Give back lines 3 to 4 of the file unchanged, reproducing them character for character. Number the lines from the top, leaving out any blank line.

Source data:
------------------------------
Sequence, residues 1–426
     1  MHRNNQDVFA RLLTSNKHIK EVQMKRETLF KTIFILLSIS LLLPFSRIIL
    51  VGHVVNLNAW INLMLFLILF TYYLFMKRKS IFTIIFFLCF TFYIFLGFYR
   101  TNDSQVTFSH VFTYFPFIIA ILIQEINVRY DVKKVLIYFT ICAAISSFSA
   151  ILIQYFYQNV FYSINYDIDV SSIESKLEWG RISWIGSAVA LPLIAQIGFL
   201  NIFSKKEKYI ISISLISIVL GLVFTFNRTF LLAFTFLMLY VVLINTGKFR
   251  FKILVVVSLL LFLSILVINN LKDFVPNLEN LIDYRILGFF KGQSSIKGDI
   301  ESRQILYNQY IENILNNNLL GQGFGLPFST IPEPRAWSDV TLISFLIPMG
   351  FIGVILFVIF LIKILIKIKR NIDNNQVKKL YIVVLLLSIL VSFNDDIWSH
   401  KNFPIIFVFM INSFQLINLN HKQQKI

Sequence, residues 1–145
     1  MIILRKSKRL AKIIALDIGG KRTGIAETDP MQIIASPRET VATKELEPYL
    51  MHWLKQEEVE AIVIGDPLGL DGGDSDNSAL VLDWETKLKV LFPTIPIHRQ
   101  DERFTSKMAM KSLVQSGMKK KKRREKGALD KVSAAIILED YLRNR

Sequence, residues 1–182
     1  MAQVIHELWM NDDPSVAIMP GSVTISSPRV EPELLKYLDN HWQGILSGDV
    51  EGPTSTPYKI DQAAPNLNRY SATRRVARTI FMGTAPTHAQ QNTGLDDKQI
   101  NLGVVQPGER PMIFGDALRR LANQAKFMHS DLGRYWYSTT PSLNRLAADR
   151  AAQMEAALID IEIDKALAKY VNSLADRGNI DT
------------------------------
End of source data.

    51  VGHVVNLNAW INLMLFLILF TYYLFMKRKS IFTIIFFLCF TFYIFLGFYR
   101  TNDSQVTFSH VFTYFPFIIA ILIQEINVRY DVKKVLIYFT ICAAISSFSA